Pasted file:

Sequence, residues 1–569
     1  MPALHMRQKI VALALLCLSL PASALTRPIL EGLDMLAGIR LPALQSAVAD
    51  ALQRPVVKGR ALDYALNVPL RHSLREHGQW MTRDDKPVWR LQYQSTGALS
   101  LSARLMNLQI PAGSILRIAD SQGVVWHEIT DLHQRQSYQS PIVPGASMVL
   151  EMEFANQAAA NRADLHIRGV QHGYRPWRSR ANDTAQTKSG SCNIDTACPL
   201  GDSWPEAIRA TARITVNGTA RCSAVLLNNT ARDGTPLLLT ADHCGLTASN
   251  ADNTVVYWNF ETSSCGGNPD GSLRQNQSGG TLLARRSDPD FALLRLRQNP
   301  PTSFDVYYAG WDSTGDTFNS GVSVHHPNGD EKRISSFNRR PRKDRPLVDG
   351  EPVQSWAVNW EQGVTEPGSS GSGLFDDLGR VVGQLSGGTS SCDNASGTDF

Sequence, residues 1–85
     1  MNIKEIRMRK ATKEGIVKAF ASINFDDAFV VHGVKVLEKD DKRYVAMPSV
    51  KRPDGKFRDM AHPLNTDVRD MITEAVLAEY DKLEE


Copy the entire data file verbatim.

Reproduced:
Sequence, residues 1–569
     1  MPALHMRQKI VALALLCLSL PASALTRPIL EGLDMLAGIR LPALQSAVAD
    51  ALQRPVVKGR ALDYALNVPL RHSLREHGQW MTRDDKPVWR LQYQSTGALS
   101  LSARLMNLQI PAGSILRIAD SQGVVWHEIT DLHQRQSYQS PIVPGASMVL
   151  EMEFANQAAA NRADLHIRGV QHGYRPWRSR ANDTAQTKSG SCNIDTACPL
   201  GDSWPEAIRA TARITVNGTA RCSAVLLNNT ARDGTPLLLT ADHCGLTASN
   251  ADNTVVYWNF ETSSCGGNPD GSLRQNQSGG TLLARRSDPD FALLRLRQNP
   301  PTSFDVYYAG WDSTGDTFNS GVSVHHPNGD EKRISSFNRR PRKDRPLVDG
   351  EPVQSWAVNW EQGVTEPGSS GSGLFDDLGR VVGQLSGGTS SCDNASGTDF

Sequence, residues 1–85
     1  MNIKEIRMRK ATKEGIVKAF ASINFDDAFV VHGVKVLEKD DKRYVAMPSV
    51  KRPDGKFRDM AHPLNTDVRD MITEAVLAEY DKLEE